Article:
He stands at the window.
And a voice says: Everything passes. The
good and the bad. The joy and the sorrow.
And so begins, with masterful, concentrated economy, Josipovici’s tiny gem of a novel. The image of a man standing at the window of a contour-less, unlocated room will return again and again, like a lyric chorus or a line of melody, as we travel back and forth across the narrator’s life in a series of fragments of scenes. Details will accumulate about the room; its creaking floorboards, its cracked window pane, greyness, silence. Sartre used to call it the gamma point, the still center from which fiction spirals out, but in this récit it becomes the place to which the narrative cannot stop returning, as if to remind us that no matter what passes, there is a present, even if an enigmatic one, from which this life is viewed.
The life belongs to Felix, and we slowly piece it together from the scraps of dialogue he recalls, conversations with his first and second wife, his two children, his friends. The tenderness, the warmth, the exasperation of relationships are powerfully conveyed with swift brush strokes, but Felix is a man whose life has been dedicated to art and whose standards for all involved in the act of creativity are inflexible and high. These standards apply to himself, and the blank spaces, so much a feature of this text, sometimes ache with the absence of creativity, with the silence of not saying. But the brilliance of Josipovici is to make those blank spaces take on so many different hues and shades of emotional colouring. When his children are bullying him through a veil of good intentions, the silences ring of a suffering that to them seems self-indulgent, whilst to the reader it seems profound and in need of protection. When his women leave him, then the white spaces have an absolute quality to their emptiness, a stark reminder of the terrible quietness of loss. When the narrative evokes Felix’s illness, then they take on the clinical whiteness of death. I found those blank spaces quite chilling, for Josipovici makes them uncompromising in their representation of the void; nothing is all that can honestly be said about the absence of creativity, or the reality of loss, but most narratives are kinder to us, filling spaces with chatter to bridge what might otherwise seem unbearable.
Silence speaks loudly to the reader in this narrative, but as silence, as itself, not as a problem to be solved or a place to ponder on what has passed. Rather the blank spaces are the places where everything passes.
By contrast, in the swift interchanges of dialogue that break up those empty spaces, the question of speech is itself intriguingly posed, in part through Felix’s disquisitions on Rabelais and Shakespeare. Felix reads Rabelais quite brilliantly as the first writer of print, the first man who understood that print ‘meant you had gained the world and lost your audience.’ The writers who preceded him, Shakespeare among them, knew exactly who they were writing for, could see the effect of their writing on the faces of the audience as they witnessed it, and often wrote in order to please, to persuade or to follow a party line. But Rabelais ‘was the spokesman of no one but himself. And that meant his role was inherently absurd. No one had called him. Not God. Not the Muses. Not the monarch. Not the local community. He was alone in his room, scribbling away, and then these scribbles were transformed into print and read by thousands of people whom he’d never set eyes on and who had never set eyes on him, people in all walks of life, reading him in the solitude of their rooms.’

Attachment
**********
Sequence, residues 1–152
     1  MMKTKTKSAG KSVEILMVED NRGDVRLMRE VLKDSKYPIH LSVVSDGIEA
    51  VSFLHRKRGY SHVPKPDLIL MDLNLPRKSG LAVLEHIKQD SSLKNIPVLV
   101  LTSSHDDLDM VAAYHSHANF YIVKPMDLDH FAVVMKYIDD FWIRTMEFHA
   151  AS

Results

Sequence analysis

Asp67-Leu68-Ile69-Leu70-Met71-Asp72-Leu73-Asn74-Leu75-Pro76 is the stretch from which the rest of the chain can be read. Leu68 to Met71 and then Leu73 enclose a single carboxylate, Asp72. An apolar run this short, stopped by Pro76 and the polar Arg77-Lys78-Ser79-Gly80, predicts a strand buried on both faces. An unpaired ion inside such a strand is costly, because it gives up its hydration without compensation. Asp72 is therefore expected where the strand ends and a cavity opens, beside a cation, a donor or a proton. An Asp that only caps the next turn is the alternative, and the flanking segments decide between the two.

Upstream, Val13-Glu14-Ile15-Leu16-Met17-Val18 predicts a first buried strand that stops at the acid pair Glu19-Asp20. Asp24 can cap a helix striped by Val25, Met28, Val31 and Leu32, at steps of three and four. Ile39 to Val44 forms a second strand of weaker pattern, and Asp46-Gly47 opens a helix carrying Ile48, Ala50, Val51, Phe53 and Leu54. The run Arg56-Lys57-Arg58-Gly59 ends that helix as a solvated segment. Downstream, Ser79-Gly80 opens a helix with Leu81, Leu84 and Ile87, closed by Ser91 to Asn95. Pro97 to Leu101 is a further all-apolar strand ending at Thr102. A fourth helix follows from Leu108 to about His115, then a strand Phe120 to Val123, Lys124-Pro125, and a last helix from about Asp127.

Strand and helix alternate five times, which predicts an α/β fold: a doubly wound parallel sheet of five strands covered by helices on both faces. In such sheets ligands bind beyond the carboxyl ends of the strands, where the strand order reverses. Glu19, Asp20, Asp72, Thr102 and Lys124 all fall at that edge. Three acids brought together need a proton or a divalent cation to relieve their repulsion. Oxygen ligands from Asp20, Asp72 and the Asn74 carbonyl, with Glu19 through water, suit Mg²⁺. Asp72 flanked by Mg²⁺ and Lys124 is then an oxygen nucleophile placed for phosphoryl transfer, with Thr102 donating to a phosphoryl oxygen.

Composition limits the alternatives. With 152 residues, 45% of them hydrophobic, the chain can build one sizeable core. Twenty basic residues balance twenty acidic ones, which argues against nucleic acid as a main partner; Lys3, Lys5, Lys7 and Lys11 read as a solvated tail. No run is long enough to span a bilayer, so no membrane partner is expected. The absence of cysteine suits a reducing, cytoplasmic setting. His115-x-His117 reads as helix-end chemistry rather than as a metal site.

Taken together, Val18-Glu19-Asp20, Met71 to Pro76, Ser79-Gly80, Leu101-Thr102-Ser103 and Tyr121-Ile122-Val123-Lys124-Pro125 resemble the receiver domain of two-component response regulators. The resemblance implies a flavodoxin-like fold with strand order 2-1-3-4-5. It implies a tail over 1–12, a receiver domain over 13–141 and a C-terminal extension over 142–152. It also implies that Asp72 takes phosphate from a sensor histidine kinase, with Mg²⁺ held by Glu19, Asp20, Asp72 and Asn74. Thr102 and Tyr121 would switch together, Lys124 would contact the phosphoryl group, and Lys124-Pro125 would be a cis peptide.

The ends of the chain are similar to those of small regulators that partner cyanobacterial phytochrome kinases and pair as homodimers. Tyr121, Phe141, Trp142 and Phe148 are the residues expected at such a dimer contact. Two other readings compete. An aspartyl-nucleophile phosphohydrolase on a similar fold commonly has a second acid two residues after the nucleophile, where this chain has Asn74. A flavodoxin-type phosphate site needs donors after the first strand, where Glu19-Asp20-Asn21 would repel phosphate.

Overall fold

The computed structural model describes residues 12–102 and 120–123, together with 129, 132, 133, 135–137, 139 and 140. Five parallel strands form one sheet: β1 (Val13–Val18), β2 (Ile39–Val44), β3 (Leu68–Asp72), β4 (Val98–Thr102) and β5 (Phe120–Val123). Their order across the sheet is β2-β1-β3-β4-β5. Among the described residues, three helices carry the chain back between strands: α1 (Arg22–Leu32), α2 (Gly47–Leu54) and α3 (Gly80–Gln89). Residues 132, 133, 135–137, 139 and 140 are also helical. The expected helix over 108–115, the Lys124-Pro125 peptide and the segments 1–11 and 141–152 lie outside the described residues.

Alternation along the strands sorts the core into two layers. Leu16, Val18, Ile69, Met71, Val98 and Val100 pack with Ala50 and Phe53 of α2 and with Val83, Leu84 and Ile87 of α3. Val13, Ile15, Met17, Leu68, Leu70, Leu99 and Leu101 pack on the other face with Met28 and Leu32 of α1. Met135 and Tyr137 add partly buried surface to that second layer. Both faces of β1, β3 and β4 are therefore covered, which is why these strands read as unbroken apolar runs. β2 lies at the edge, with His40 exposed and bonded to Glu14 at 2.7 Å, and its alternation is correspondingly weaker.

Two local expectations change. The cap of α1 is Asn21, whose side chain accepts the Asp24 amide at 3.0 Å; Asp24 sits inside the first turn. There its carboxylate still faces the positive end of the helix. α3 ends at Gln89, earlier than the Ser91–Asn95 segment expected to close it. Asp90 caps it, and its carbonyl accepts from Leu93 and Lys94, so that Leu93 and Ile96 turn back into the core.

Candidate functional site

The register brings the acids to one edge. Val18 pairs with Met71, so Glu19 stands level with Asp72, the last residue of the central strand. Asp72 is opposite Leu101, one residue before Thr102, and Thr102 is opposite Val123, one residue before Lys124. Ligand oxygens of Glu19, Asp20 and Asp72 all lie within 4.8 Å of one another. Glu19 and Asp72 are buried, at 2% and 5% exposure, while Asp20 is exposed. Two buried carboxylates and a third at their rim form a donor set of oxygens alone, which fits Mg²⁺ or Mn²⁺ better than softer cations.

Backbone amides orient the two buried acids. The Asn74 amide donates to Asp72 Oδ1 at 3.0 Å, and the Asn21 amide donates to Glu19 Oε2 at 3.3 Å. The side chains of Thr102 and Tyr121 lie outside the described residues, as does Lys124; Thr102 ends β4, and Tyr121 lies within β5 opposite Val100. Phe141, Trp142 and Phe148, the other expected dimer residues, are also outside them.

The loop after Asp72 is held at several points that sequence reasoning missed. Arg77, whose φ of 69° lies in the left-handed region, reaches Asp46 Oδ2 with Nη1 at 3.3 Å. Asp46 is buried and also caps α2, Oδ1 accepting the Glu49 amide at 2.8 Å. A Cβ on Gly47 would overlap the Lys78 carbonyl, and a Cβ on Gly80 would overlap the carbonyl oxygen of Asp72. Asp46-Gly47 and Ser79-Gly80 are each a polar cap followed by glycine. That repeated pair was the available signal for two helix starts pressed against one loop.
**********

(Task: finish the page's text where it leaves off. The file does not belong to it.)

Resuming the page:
I felt that the question of who is receiving was as important to this brief narrative as the question of who was writing, who is listening as significant as who is speaking. For all his sensitivity to the question of the audience, Felix can regularly be seen not listening to what he is being told, as being stubborn and intransigent in his own positions, the spokesman of no one but himself. Yet his voice in this narrative fluctuates between vivacity and a kind of disenchanted deathliness depending on his audience. This flight of eloquence on Rabelais encapsulates a marriage proposal to the woman who listens with loving attention to him, for instance. What stays with me after reading this récit are the patterns it produces: the fragile chain of intermittent fragments of dialogue, the cat’s cradle of time passing, as we travel back and forth in Felix’s life, the three dimensions of interlocutors in space, be they lovers, or writers and readers, shaping, interfering with, moulding, resisting, each other’s lives. This is an extraordinary thing: a mobile, dynamic narrative draped around a moment of suspended animation as a man stands contemplatively in a room. It’s the elasticity of this narrative that astounded me, how it changes its sense to us, as each new fragment adds a different perspective on the picture of Felix we are creating. I experienced the final revelation of the novel (of which I will say nothing) as the most extraordinary twist that made me rethink, and reassess, everything that had already passed.
You can tell the quality of a writer by the power of the paradoxes s/he creates, and I’m still astonished by the deceptiveness of Josipovici’s simplicity, the richness we find in the sparseness of his prose. Felix’s story is very precise, very particular, and yet Josipovici manages to open it up to vistas that stretch far beyond the individuality of its concerns, to the question of creativity and art, to the state of suffering in silence, and to our own quiet reception of the story, in the solitude of our rooms. Its accessibility, stark beauty and it brevity means that this is a tale in which everything passes quickly, but the effect it leaves on the reader is one of lingering wonderment.